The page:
Vaping and Advertising Regulations: What it Means for the Future of Vaping


At present, vape retailers and manufacturers are unable by law to advertise their products. However, that’s all about to change. In 2018 the Committee of Advertising Practice (CAP) and the Broadcast Committee of Advertising Practice (BCAP) consulted with a number of organisations regarding e-cigarette advertising legislation. The organisations included public health charities, governing health organisations and tobacco industry leaders and gave them an opportunity to voice their opinions about a reform. The consultation process addressed two key factors. The first was whether they agreed with the removal of the prohibition of advertising e-cigarettes and if not, why. The second was, if advertising was legal, how advertisements should be constructed and what regulations should be kept in place.

Many organisations were in favour of the reform, including the likes of Public Health England (PHE), ASH, the UKVIA and the Royal College of Physicians. The key points they raised in favour of the reform related to the relative safety of vaping compared to conventional cigarettes. It’s a common misconception that vaping and smoking are equally as harmful as each other when in fact e-cigarettes have been proven to be a safer alternative to smoking.

Since then, the regulations have been reformed and advertising e-cigarettes will soon become legal. The knock-on effect this will have for both consumers and vape retailers is huge. The logic behind being able to promote e-cigarettes was that smokers could be better informed and alleviate some of the concerns of those who may benefit from using an e-cigarette. While they can’t be promoted as “healthy” they can be advertised as a means for smoking cessation. In 2018 there was a 13% increase in the number of smokers who perceived vaping being as unhealthy as their smoking habit. The end goal and result of e-cigarette advertising should be education, rather than attracting a new demographic into using nicotine products.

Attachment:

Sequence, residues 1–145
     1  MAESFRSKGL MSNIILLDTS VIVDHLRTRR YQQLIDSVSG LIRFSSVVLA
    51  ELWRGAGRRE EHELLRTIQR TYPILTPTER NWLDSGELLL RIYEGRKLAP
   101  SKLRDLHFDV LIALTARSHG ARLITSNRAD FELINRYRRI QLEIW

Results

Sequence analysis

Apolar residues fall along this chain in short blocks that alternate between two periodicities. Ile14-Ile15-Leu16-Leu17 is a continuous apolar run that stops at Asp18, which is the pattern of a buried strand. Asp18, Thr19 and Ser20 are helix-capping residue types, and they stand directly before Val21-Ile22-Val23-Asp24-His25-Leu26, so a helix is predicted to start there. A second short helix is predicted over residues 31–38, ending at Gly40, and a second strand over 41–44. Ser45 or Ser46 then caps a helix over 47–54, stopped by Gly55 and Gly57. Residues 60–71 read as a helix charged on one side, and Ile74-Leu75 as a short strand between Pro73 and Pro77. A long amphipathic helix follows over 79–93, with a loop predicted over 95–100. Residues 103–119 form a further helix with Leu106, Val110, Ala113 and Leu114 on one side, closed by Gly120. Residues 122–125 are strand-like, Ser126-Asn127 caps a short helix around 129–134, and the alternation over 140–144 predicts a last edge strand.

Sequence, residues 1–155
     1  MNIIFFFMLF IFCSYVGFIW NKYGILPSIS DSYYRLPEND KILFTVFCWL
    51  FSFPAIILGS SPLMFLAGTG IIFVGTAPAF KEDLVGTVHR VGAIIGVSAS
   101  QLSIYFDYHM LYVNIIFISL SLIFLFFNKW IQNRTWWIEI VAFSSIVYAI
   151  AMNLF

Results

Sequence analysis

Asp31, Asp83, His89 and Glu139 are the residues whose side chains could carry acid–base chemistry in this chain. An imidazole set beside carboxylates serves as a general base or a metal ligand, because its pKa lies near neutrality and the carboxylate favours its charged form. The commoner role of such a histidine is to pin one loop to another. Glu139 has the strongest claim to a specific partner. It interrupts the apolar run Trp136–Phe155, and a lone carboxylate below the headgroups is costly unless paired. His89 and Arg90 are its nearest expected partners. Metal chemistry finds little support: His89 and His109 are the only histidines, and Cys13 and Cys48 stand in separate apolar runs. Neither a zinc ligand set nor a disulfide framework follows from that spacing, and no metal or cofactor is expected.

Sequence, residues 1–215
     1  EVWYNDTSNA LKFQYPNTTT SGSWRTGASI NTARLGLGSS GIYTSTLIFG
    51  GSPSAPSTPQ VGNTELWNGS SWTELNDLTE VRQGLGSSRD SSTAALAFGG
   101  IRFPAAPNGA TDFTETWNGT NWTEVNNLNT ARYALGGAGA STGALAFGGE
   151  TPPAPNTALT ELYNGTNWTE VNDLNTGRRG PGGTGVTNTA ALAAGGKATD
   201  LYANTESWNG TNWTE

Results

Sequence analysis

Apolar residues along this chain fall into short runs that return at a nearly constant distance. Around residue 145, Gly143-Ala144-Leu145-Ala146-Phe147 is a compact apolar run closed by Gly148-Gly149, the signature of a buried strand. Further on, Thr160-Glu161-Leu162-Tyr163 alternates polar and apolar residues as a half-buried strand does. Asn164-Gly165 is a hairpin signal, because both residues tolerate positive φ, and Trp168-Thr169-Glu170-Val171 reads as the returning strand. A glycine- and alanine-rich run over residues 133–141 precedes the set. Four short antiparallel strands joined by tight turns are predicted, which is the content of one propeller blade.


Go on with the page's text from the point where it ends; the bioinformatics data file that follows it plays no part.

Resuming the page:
Some parties that were consulted argued that the research conducted showing e-cigarettes are 95% safer than smoking should be enough promotion alone. As e-cigarettes are a relatively new product, many parties main concern over promoting them was the lack of long term studies. To compensate for this, given the huge variation in both e-liquids and e-cigarette ranges, when a retailer wants to advertise, their advert needs to be submitted and approved on a case by case basis. Wording must be carefully done and only express the scientific facts and cannot expressly “promote” a brand or flavour. The idea is that advertising needs to appeal to a very niche group of people – current smokers only rather than non-nicotine users or minors.

While the advertising reforms are due to come into effect very shortly in the UK, advertising online is still prohibited. Google and Facebook still classify vaping and e-cigarettes as a tobacco product meaning you won’t be seeing adverts for vapes on any non-vape related websites any time soon. Pay per click isn’t allowed meaning any visibility vape brands get online has to come exclusively from vape related sources or organic traffic including things like blog content and social media.

The vaping industry is growing at a rapid rate, with a 30 fold increase in vape shops opening on the high street in 2018 alone.  2018 also saw the total number of vapers in the UK break the three million mark, 1.5 million of whom have quit smoking entirely due to vaping. While there is ongoing contention of the long term effects of vaping, the research shows it’s significantly less harmful than combustible cigarettes. With around 120,000 people dying a year in the UK due to smoking-related illnesses, the legislation change may now help inform the remaining 9.4 million smokers decide whether vaping is right for them.